Review: Built To Spill – Built To Spill Plays The Songs Of Daniel Johnston
National Music Reviews
Built To Spill
Built To Spill Plays The Songs Of Daniel Johnston
Built To Spill = Daniel Johnston + Modest Mouse + Grandaddy
Built To Spill Plays The Songs Of Daniel Johnston is an honest rendition of the raw complexity that exists purely in Daniel Johnston’s music. Johnston, who spent most of his life in and out of hospitals battling schizophrenia and bipolar disorder, gained a cult following and became something of an icon in the early ’80s and ’90s. Known for his wobbly, child-like voice and clever reflections on love and life, Johnston became a major inspiration for not only Built To Spill, but for others such as Kurt Cobain, The Flaming Lips and Bright Eyes before his death at the age of 58 this last fall from a heart attack.
True to the art of Johnston, this album is simplistic and arranged in a live format. It’s familiar in the sense that it matches Johnston’s energy as if the musician himself were playing to a grand audience alone in his garage. Frontman Doug Martsch parallels Johnston on the album with the same earnestness and longing that aches in Johnston’s early handmade recordings. Thoughtfully grasping at Johnston’s infectious melodies, Martsch manages to emulate the slipping control of his vocals on songs like “Tell Me Now” as he cries out, “Do you really love me?” during the songs’ final crescendo.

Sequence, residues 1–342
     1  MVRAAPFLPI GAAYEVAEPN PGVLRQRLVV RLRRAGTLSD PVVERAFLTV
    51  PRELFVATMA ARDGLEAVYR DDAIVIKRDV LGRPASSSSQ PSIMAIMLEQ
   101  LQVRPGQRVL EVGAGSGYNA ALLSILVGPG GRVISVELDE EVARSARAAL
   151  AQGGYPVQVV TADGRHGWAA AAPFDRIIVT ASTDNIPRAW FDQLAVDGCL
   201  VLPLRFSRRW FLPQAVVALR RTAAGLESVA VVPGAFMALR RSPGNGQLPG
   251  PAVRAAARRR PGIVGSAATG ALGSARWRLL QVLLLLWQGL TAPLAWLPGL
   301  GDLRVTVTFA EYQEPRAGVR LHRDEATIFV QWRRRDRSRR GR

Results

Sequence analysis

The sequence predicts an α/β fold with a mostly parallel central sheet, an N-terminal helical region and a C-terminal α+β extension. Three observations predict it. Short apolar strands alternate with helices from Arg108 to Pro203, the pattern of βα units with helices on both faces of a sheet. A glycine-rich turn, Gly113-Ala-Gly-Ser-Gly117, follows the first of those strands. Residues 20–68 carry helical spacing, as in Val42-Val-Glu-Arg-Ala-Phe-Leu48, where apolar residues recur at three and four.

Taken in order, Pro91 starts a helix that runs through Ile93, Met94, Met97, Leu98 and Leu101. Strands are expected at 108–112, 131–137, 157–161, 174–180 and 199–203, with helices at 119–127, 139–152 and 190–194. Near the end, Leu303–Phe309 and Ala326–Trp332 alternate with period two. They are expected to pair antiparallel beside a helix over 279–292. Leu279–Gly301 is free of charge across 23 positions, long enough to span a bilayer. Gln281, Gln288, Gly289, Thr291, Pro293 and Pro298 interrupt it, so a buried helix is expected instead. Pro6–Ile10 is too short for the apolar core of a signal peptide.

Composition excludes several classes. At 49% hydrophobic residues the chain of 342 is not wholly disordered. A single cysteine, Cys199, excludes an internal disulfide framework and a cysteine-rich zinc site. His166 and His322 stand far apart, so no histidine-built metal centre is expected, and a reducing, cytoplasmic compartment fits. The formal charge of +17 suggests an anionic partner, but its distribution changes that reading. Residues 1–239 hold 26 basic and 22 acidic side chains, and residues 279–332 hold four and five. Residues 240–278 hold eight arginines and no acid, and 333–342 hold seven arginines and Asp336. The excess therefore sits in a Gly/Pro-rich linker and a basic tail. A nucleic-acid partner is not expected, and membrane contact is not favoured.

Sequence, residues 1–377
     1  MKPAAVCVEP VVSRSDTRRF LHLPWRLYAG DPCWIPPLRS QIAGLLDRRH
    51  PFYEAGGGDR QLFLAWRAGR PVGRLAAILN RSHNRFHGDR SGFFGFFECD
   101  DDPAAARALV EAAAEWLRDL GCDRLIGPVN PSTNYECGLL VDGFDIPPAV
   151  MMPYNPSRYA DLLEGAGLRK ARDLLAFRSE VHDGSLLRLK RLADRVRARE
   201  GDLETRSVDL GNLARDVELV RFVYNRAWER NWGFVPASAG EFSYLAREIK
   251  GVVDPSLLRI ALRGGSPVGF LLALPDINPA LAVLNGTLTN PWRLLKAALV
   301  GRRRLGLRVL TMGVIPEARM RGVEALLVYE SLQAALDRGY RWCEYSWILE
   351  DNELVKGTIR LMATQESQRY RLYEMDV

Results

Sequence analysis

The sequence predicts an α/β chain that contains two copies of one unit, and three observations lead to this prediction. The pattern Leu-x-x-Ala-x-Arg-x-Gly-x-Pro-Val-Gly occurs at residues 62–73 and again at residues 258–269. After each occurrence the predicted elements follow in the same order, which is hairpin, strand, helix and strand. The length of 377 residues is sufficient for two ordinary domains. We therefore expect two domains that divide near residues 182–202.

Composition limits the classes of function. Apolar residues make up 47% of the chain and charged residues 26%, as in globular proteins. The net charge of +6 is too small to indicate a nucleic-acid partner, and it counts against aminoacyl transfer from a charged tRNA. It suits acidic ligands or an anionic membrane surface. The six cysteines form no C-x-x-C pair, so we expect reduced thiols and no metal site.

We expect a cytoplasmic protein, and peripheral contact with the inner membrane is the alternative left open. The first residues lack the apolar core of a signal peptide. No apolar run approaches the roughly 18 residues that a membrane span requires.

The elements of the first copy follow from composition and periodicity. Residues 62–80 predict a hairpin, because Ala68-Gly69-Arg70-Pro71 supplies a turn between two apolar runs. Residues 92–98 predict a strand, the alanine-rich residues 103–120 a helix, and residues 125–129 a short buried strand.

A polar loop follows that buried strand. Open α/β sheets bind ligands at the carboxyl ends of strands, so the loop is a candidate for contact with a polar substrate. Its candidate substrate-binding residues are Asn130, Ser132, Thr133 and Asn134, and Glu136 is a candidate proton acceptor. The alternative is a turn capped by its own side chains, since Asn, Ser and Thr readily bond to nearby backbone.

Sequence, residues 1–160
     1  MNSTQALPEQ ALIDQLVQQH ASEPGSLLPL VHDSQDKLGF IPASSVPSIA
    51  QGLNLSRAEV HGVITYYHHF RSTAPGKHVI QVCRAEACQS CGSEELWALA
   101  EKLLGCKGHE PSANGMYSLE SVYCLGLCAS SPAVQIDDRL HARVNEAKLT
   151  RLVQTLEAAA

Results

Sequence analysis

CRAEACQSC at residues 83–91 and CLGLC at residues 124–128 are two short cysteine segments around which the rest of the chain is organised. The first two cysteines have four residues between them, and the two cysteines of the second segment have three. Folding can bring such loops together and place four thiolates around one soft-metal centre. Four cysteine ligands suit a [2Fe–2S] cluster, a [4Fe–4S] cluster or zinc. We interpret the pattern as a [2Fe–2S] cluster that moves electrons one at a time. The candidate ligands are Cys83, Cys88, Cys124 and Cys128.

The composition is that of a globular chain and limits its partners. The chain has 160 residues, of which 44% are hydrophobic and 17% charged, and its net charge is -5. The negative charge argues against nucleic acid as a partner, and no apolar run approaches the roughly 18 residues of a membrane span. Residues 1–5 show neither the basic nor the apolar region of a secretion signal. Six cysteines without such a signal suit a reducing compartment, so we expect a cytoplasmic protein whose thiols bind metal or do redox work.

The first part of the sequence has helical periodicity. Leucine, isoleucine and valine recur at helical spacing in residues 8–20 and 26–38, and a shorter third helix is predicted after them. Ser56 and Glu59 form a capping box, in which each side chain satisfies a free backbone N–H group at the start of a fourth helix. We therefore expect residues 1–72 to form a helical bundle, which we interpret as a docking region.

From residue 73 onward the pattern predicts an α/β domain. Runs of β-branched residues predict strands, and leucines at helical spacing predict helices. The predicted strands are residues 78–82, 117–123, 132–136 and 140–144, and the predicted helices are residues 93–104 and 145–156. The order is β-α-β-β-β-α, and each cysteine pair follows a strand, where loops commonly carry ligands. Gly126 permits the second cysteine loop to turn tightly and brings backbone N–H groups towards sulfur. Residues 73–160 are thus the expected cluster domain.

Martsch and company breathe new life into fan favorites such as “Bloody Rainbow,” a song that had only been released on Johnston’s live albums. It’s on this track that the band transforms the endearingly slapdash style of Johnston’s playing into the well-polished pop song he might have heard in his head all along.
Another example of this rejuvenated songwriting comes in “Life In Vain,” a lyrically introspective song about picking up your history and seeing where it’s led you—from the places you wanted to go, to who you wanted to be and where you ended up. Built To Spill adapts this song from its original acoustic composition with string accompaniment and morphs into a hook-driven indie-rock anthem that follows the lead of Martsch’s iconic ‘90s guitar tone.
“Honey I Sure Miss You,” one of my favorite Johnston songs, feels a bit slower than the original, but then again, this might be the result of Johnston’s scrambled guitar playing that makes the original sound more rushed. Built To Spill marches slowly through clunky verses before unfolding on the chorus, creating a befitting melancholy dynamic that stays the same throughout the whole track.
The inspiration behind this 11-track cover album stems from Built To Spill’s 2017 stint as Johnston’s backup band on what would unfortunately become his last tour ever. I met Martsch a few months before that tour began, and we geeked out together about Johnston’s music and art. Martsch shared with me that he hears himself in Johnston’s music, and I couldn’t agree more. It’s this awareness that makes me believe Built To Spill is the perfect band for this project.
Johnston’s honesty is what gives so many artists a genuine appreciation for his work, and it will live on forever through the artists like Built To Spill that are continuing to remember him. If you’re unfamiliar with the songs of Daniel Johnston but are a fan of Built To Spill, listen to Built To Spill Plays The Songs Of Daniel Johnston to get a small glimpse into the genius songwriting of Daniel Johnston’s massive collection. –Paul Micheal Zuniga!